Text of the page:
NEW DELHI -- India, and other Asian countries are becoming a vital source of oil revenue for Moscow despite strong US pressure not to increase their purchases. The European Union and other allies have cut off energy imports form Russia as a result of sanctions imposed on the country over its war against Ukraine.
These sales boost Russian export revenues, even as Washington and its allies try to restrict financial flows that support Moscow's war effort.
The Helsinki-based Centre for Research on Energy and Clean Air, a think tank, released Monday a report that said Russia made 93 billion euros ($97.4billion) from fossil fuel exports during the first 100 days after its invasion of Ukraine. This was despite lower export volumes in May.
It stated that 40% of federal budget revenue comes from fossil fuel exports.
According to Kpler, India is an oil-hungry nation of 1.4 billion people and has consumed nearly 60 million barrels so far in 2022. This compares with 12 million barrels in all 2021. However, the volume of oil shipped to Asian countries like China has increased in recent months, but to a lesser degree.
Interview with The Associated Press: Sri Lanka's prime Minister said that he might be forced to buy more oil from Russia because he is desperate for fuel to keep the country going during a severe economic crisis.
Ranil Wickremesinghe, Prime Minister, said Saturday that he would look at other sources first but would also be open to purchasing more crude oil from Moscow. To restart its sole refinery, Sri Lanka purchased a 90,000-metric ton (99,000-ton), shipment of Russian crude oil in May.
Russia is looking to diversify its exports. On Monday, Marat Pavlov, the Russian Ambassador to Philippines, met Ferdinand Marcos Jr. and offered Moscow assistance in providing oil and gas. He didn't specify the terms.
Marcos Jr.'s six-year term will begin June 30. He did not indicate if he was open to the offer.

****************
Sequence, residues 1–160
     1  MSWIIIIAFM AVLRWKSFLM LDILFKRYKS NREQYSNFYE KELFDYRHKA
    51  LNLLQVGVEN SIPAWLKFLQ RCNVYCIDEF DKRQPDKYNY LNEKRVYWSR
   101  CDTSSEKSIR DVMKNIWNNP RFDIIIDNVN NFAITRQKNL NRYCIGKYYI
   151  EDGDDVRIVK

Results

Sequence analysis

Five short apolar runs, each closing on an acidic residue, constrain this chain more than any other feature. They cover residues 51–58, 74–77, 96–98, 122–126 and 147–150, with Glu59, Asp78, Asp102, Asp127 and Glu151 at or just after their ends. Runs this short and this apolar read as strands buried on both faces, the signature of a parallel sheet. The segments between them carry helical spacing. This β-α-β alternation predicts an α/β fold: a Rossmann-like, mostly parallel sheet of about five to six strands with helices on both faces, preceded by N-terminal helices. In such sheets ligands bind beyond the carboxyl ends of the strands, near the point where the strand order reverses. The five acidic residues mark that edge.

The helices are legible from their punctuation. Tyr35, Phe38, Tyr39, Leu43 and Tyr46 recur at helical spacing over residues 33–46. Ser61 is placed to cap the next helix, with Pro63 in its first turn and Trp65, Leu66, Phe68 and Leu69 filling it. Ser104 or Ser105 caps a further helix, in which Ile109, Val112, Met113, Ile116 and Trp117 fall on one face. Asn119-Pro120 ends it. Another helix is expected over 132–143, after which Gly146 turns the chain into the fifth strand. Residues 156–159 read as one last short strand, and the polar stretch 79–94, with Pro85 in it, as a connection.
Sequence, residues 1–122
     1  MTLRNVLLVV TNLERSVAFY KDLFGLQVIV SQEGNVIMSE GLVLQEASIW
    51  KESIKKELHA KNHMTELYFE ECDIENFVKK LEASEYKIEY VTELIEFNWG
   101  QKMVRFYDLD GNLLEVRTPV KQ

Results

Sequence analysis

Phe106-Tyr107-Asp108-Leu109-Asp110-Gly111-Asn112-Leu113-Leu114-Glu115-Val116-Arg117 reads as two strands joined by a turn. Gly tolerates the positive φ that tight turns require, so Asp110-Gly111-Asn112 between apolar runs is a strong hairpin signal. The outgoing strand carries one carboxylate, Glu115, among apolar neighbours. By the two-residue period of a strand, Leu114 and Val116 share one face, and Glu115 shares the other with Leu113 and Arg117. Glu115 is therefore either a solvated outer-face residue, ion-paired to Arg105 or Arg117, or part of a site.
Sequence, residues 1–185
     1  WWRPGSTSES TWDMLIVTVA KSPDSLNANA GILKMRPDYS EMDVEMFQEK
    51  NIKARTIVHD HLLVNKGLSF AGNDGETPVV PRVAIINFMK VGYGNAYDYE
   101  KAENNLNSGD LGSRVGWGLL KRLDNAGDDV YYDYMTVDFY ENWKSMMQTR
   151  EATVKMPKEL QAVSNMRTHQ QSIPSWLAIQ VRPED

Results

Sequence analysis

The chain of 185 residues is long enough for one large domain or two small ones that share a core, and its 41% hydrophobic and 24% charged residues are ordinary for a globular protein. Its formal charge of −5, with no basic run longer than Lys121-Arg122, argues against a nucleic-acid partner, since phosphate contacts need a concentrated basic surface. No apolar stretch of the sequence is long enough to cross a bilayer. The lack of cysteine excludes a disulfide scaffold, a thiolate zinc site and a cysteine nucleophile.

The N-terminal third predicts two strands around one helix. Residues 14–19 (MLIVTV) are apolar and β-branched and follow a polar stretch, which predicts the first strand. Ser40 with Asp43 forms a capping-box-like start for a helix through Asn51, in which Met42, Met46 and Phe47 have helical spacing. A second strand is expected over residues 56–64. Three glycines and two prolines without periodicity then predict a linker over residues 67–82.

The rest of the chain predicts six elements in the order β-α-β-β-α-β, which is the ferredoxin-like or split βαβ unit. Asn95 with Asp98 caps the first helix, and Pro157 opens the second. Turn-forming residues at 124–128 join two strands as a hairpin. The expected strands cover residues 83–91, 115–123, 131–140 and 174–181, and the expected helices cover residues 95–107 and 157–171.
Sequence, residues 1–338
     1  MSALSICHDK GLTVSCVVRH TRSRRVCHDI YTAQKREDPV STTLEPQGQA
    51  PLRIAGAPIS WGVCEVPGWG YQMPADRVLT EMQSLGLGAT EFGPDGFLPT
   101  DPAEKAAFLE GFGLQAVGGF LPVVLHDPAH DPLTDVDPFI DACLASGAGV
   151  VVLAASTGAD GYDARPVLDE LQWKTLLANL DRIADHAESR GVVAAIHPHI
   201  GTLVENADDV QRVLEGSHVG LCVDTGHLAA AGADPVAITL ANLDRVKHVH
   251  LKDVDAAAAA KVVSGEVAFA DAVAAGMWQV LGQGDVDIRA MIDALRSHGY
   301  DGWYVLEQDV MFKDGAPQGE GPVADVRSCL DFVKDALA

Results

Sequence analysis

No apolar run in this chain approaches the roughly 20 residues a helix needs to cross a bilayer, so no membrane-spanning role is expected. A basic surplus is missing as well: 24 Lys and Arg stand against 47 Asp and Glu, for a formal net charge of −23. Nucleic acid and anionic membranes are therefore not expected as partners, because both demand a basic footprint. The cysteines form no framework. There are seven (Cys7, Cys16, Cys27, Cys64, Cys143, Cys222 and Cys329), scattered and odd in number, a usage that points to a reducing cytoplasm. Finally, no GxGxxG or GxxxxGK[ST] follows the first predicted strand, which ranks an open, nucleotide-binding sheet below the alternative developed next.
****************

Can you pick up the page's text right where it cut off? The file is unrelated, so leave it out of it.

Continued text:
The Russian invasion of Ukraine in February has seen oil prices rise dramatically. This is why refiners in India, and other countries, are tempted to tap oil Moscow offers at steep discounts of $30- $35. These discounts compare with Brent crude oil and other international oil currently trading at around $120 per barrel.
After the European Union (27-nation bloc), the main market for fossil fuels, which supplies most of Moscow's income abroad, agreed to stop oil purchases at the end of the year, their importance increased to Russia.
Matt Smith, Kpler's lead analyst for tracking Russian oil flows, said that "it seems like a distinct trend has become ingrained now." As the shipments of Urals oil to Europe are reduced, crude oil is flowing to Asia where India has been the largest buyer. China was second. According to ship tracking reports, Turkey is another important destination.
Smith stated that India is a great refining hub. "People are realizing India is such an affordable place to buy crude oil, refine it, and send it out as clean products, because they can make such strong margins," Smith said.
About 30 Russian oil tankers carrying crude oil made their way to India in May. They unloaded approximately 430,000 barrels each day. According to the Centre for Research on Energy and Clean Air, an average of 60,000 barrels per days arrived in January and March.